People often have preconceived notions that they will be required to delve into their past but not sure why, will have to take medication, and often figure that they don’t know best and need their therapist to tell them.
Psychoeducation refers to being educated about a psychiatric/psychological condition, whether one is a patient, a family member, or someone not in treatment but interested in learning about a particular topic. Ideally, psychoeducation is part of the standard of care that is provided by therapists or others in the mental health system.
I take it one step further: Collaborative Psychoeducation. It is the education plus incorporating it as a part of treatment so a patient and family can use the information to be more actively involved in decisions about treatment. The collaboration becomes an open dialogue.
My view: accurate information translates into a sense of control for people. If they are informed about the therapy they are in, what to expect, the condition they’re struggling with, medications, side-effects, whatever–they will be more actively involved in their own treatment, and this will likely improve their response to treatment.
Therapy is about change, and for lasting change people must find ways to make it meaningful and worth more than maintaining the status quo.
Most people view anxiety as an emotion or feeling, which is true but only part of the story. When I talk to people about anxiety I help them see that yes, they have anxious feelings, as well as anxious thoughts and behaviors. In many respects, it is focusing on changing the thoughts and behaviors that will have the biggest impact on diminishing the emotional suffering.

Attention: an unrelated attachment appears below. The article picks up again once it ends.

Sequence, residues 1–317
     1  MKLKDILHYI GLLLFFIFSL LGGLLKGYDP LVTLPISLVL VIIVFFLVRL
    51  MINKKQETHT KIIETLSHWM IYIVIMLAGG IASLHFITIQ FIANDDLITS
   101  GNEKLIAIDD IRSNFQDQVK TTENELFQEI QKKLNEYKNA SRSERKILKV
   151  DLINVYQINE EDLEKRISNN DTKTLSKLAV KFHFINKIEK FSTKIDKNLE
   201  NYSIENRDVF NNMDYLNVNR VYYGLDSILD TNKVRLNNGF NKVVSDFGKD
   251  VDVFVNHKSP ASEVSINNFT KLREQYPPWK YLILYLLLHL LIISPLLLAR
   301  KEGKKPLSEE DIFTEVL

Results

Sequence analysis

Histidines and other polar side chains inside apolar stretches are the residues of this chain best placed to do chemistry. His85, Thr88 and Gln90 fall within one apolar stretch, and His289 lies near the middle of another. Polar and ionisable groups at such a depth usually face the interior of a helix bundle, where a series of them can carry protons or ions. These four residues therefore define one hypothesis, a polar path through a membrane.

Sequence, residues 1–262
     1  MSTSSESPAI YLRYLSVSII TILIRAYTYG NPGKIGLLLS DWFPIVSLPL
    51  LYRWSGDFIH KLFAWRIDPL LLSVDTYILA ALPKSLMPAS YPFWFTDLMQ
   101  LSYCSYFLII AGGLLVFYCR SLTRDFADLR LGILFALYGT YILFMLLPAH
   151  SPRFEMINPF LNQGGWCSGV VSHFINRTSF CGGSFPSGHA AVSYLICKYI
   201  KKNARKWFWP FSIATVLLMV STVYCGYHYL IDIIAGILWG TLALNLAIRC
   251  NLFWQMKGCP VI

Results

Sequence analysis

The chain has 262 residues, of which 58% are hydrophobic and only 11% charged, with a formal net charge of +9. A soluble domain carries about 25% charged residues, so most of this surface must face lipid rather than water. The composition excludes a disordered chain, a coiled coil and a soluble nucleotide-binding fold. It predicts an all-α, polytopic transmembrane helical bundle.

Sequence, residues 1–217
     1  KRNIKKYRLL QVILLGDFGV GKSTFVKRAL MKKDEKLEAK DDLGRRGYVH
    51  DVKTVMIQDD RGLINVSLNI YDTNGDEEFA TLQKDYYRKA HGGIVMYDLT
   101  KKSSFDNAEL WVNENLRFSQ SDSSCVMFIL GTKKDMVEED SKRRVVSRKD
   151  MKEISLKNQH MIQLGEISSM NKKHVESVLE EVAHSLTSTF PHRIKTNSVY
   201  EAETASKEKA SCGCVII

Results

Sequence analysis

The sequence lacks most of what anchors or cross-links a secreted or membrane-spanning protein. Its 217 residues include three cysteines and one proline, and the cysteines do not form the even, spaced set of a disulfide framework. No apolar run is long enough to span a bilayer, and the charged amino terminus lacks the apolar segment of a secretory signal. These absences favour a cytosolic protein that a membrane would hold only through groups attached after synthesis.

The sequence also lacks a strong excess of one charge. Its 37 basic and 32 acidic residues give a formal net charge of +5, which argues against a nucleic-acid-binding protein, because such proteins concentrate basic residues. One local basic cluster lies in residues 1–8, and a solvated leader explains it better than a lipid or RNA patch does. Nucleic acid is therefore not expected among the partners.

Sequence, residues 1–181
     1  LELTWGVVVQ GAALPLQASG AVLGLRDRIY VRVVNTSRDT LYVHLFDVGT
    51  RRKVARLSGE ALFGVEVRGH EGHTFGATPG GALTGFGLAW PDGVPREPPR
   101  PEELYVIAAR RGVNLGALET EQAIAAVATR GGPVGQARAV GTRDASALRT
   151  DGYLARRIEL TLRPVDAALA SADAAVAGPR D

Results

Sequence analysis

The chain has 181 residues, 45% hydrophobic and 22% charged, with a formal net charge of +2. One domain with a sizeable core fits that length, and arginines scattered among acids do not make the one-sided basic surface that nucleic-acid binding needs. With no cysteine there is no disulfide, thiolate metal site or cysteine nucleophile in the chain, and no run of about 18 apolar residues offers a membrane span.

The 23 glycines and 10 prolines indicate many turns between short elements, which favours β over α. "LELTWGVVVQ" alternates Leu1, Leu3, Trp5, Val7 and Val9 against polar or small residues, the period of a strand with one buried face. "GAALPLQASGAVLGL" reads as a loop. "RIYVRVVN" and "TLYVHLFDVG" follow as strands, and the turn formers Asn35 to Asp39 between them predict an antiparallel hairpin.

A classic example of anxious thoughts is worrying. Worries are thoughts that people go over and over in their heads. The more worry, the more anxious feelings. The “what ifs” of worrying are toxic because people start believing them, despite the fact that there is little or no evidence.
Anxious behaviors? Number one is avoidance: stay away from something or a dreaded task, or isolate from people. In the short-term anxious feelings may subside; unfortunately, avoidance doesn’t improve the situation, it only puts it off for another day and may even feel worse.
In the online Flexible CBT training program that I developed at McLean Hospital, an affiliate of Harvard Medical School, to help clinicians work more effectively with patients, there is a section focused specifically on Collaborative Psychoeducation for anxiety and specific skills to manage it.
People with anxiety often feel out of control. We get to the heart of the matter by helping people “control what they can control” to get them started moving in the right direction to manage their anxiety to improve their functioning and enhance their quality of life.
Edmund C. Neuhaus, PhD, ABPP
Founder, Atheneum Learning
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Dr. Edmund C. Neuhaus, founded Atheneum Learning in 2009 to fulfill his vision to deliver high quality Cognitive Behavioral Training (CBT) for everyday clinical practice to professionals and students worldwide.
After 20 years at Harvard Medical School and McLean Hospital, where he trained hundreds of interns and treated thousands of patients, he has developed an online CBT training course based on a pragmatic and effective patient-driven approach that is perfect for clinicians treating depression, anxiety, PTSD, TBI, and combinations thereof.
You can learn more about how you can earn 20 CE credits for the Flexible CBT course at: http://www.atheneumlearning.com/flexible-cbt/
Atheneum Learning has developed high quality trainings and resources in the best evidence-based approaches of cognitive behavioral therapy (CBT).
Our focus is to support clinicians to learn skills that are immediately relevant to everyday practices in order to make them more effective with patients and improve treatment outcomes.
Our featured online training, Flexible CBT, will earn 20 CME/CEU Credits from McLean Hospital, an affiliate of Harvard Medical School.